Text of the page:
Date of This Version

April 2012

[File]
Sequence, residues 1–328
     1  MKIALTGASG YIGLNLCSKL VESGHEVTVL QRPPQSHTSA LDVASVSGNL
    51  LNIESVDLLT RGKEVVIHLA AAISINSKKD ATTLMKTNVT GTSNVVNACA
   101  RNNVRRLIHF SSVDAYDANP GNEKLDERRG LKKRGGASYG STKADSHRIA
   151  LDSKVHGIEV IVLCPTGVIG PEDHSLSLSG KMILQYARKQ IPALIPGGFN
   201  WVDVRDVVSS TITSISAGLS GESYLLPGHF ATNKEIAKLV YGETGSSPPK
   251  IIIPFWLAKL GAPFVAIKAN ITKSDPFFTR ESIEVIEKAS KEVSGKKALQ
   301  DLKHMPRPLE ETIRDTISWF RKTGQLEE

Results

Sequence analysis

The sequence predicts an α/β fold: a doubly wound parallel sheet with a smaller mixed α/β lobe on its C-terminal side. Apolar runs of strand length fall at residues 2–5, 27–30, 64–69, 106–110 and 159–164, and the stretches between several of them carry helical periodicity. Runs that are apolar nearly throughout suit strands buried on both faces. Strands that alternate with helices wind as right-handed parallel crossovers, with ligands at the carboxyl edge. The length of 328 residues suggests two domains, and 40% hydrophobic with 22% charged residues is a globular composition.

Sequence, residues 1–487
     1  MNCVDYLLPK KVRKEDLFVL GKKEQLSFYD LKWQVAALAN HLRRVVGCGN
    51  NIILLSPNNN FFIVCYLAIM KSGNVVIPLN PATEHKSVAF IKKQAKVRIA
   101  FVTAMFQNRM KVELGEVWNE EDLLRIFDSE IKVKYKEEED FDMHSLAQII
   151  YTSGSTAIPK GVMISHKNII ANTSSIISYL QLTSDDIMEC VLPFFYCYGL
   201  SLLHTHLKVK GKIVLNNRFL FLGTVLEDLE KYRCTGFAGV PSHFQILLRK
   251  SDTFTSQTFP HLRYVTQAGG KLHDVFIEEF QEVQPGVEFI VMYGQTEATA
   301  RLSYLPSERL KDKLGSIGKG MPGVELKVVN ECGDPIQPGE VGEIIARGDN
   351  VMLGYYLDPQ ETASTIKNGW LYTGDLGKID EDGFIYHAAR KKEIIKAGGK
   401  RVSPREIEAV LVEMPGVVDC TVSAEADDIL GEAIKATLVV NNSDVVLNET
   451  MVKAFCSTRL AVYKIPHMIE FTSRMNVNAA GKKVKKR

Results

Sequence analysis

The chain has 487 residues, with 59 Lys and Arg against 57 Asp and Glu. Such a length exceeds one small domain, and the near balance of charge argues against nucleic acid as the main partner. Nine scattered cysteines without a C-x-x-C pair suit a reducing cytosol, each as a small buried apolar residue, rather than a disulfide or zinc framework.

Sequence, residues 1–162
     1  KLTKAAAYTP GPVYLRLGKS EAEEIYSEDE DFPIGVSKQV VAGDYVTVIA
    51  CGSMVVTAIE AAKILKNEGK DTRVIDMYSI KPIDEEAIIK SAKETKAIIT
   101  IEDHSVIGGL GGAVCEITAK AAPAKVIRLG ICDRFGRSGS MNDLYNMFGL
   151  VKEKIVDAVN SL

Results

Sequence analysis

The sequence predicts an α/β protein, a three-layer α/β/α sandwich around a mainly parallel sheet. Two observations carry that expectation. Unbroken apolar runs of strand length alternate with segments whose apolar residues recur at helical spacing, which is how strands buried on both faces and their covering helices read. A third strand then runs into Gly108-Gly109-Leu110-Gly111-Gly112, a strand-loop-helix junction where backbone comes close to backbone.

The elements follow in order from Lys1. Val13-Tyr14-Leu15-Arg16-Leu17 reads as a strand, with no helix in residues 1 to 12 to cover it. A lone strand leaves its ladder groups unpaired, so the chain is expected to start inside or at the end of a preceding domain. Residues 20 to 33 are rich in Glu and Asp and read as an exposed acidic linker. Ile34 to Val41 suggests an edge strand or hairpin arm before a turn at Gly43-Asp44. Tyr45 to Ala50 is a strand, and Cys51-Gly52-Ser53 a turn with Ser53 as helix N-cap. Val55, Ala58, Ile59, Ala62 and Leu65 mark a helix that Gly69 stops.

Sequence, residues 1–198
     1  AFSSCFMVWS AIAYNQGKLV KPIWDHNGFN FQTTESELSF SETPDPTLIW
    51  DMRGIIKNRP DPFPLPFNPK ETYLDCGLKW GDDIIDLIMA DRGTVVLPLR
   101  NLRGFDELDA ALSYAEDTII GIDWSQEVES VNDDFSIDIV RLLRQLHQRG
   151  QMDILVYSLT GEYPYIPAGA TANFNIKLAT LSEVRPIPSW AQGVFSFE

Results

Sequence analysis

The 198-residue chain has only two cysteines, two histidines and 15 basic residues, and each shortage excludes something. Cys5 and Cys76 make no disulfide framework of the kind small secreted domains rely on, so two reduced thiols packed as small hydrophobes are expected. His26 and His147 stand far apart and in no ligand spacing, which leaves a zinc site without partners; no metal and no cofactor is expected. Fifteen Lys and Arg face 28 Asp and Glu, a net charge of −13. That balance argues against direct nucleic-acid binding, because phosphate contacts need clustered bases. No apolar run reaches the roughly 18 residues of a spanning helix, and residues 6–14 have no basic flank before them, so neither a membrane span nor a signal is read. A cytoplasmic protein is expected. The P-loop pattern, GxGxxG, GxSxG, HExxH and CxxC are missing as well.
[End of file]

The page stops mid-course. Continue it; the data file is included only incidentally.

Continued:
The income that wind and solar power receive on the market is affected by the variability of their output. At times of high availability of the primary energy source, they supply electricity at zero marginal costs, shift the supply curve (merit-order curve) to the right and thereby reduce the equilibrium price of electricity during that hour. The size of this merit-order effect depends on the amount of installed renewable capacity, the slope of the merit-order curve, and the intertemporal flexibility of the electricity system. Thus the price of wind power falls with higher penetration rates, even if the average electricity price remains constant. This work quantifies the effect of variability on the market value of renewables using a calibrated model of the European electricity market. The relative price of German wind power (value factor) is estimated to fall from 110% of the average electricity price to 50% as generation increases from zero to 30% of total consumption. For solar power, the drop is even sharper. Hence competitiveness for large-scale renewables deployment will be more difficult to accomplish than often believed.